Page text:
FOM: RE: Re: Re: Godel, f.o.m.

Matt Insall montez at
Fri Jan 28 11:27:31 EST 2000

Steve Stevenson writes:

> I have the same experiences as you do with program verification. While
> there are some well known views and "foundations," we seem not to make
> much headway in this area. One of Dijkstra's famous "examples" is a
> proof with predicate transformers on gcd. The problem with is "proof",
> as far as I can see, is that he reaches into a magic hat to pull out a
> number theory result that is true in the countable integers but
> probably not true of finite integers in machines.

I think this is a singularly important point.  Proofs in computer science
that use ideal objects, such as all the positive integers, generally make
sense only for some sort of approximation theory or for finding a ``negative
result''.  An example of such a ``negative result'' is, of course, the
following corollary of the Halting Problem solution of Gödel/Turing, etc.:
``No physical computer with only finite resources, can be designed and
programmed so that it checks the validity of all existent or possible
programs on such computers.''  Whether this corollary has ever been
``proved'' or not, I am unsure, but it seems to me that it underlies much of
the theory of the limitations on computing in the twentieth century, before
the questions of feasibility (polynomial time vs. exponential time, etc.)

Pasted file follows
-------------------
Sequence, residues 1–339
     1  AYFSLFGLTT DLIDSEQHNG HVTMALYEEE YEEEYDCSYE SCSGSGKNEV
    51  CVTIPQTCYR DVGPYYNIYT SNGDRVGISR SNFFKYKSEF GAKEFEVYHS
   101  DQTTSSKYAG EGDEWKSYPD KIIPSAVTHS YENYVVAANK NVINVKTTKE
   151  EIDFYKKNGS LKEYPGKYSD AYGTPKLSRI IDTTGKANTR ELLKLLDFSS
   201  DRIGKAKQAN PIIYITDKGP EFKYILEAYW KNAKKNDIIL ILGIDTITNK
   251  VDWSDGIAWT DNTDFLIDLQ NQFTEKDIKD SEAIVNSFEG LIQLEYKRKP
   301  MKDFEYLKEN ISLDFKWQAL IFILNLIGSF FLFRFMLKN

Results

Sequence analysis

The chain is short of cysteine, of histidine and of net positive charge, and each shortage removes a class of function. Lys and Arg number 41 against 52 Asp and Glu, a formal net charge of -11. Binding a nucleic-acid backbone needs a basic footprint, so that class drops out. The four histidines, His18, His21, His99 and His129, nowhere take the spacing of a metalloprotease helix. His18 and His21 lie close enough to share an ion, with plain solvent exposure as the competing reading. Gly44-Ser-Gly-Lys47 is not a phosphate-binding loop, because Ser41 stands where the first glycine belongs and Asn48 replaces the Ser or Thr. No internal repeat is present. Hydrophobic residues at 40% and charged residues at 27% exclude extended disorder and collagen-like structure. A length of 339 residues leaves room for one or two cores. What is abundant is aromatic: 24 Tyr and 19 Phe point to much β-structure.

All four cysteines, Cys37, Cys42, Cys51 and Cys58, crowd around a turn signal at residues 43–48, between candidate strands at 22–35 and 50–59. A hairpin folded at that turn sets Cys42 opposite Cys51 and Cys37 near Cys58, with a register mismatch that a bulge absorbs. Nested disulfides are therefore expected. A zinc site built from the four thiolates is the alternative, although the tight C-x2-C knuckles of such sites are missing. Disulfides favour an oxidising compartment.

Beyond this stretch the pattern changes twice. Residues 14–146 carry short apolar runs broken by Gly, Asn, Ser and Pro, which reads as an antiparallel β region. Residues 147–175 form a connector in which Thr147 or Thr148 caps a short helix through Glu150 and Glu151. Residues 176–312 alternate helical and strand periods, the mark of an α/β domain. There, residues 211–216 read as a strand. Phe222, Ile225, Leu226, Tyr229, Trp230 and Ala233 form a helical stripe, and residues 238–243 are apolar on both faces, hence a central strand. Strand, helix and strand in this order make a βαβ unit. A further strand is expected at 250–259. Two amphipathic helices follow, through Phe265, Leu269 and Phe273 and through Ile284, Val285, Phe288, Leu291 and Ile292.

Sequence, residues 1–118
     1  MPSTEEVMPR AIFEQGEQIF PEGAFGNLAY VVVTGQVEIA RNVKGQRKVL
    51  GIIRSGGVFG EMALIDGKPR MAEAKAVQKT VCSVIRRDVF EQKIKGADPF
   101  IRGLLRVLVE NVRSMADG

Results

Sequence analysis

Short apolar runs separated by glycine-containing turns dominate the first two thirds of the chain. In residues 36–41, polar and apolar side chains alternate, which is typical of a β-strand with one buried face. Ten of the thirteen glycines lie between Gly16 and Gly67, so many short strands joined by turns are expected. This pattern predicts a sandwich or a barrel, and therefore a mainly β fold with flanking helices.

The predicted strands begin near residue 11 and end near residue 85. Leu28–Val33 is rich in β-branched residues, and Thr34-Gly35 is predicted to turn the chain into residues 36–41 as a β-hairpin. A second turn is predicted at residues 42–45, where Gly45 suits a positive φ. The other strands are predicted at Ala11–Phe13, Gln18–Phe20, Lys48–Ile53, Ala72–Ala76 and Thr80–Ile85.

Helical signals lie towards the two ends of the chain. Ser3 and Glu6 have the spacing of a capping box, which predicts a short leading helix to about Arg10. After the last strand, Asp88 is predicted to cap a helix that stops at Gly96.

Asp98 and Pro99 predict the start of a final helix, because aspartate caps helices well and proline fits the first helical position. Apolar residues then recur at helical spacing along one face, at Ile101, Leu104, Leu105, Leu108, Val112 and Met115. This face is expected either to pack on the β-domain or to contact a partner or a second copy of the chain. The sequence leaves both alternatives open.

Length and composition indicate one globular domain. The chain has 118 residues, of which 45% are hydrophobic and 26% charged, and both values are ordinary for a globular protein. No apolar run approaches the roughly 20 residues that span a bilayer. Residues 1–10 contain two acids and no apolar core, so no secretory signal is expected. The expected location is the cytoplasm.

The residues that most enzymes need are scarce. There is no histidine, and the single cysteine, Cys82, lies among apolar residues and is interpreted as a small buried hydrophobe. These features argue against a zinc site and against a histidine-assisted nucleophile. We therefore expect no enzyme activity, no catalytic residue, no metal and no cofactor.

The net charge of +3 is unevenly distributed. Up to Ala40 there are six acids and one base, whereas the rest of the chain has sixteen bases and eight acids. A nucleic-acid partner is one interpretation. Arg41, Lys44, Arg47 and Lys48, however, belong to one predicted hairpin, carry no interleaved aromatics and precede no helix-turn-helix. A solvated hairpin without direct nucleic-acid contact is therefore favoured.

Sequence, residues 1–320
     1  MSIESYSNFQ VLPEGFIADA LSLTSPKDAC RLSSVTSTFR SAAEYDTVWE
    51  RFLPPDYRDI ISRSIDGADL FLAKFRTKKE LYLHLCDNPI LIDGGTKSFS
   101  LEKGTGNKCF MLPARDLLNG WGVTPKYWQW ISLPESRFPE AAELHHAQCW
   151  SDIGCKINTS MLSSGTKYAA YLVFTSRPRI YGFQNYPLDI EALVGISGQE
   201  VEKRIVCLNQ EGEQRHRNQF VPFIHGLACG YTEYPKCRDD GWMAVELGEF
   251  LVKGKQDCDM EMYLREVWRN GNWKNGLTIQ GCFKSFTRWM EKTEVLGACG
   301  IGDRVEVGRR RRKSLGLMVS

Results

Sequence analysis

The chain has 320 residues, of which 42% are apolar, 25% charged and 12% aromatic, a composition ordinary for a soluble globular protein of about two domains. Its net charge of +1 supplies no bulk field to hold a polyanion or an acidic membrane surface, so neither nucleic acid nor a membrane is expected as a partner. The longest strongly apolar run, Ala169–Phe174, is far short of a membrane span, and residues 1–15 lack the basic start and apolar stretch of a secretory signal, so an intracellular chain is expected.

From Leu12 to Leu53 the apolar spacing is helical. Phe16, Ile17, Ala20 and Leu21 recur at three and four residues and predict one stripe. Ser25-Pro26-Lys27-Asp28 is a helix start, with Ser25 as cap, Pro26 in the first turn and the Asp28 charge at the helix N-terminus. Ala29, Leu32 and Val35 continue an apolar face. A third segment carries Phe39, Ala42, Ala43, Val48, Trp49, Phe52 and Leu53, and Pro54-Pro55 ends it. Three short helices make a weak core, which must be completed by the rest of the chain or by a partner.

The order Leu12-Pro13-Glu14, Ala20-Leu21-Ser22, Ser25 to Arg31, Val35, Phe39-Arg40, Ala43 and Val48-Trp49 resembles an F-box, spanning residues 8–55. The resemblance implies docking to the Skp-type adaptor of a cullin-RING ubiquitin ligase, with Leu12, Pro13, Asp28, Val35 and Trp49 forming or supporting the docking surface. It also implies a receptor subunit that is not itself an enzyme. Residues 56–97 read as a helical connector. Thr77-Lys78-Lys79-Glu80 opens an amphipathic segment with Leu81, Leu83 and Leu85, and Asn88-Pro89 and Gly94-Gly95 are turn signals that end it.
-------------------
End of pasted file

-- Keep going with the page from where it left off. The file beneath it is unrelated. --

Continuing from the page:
were developed.  To me, such a use of the Gödel/Turing theorem makes sense,
but, as you say, using the completed set of integers to provide a ``positive
result'', such as a program verification, would be, in most cases, tenuous
at best.  One should view it skeptically, therefore, until the method has
been studied in detail.  But in fact, it seems to me that this very problem
of finiteness in physical machines should provide an impetus for more study
of what arithemtic theorems DO hold for finite sets of integers on a
machine.  The study of such things would, I presume be a part of finite
model theory, which has been addressed abstractly in Flum, et. al.
(Ebbinghaus?) in their book ``Finite Model Theory'', which summarizes some
of the literature on the subject in course-form.  The specific study of
``integer arithmetic restricted to the integers between -n and n'' I have
not seen, though I have not looked very hard.  I have at times given it some
thought, but I have not found anything remarkable yet, and something more
interesting to me, and more do-able, always seems to pop up.  :-)

 Name: Matt Insall
 Position: Associate Professor of Mathematics
 Institution: University of Missouri - Rolla
 Research interest: Foundations of Mathematics
 More information:

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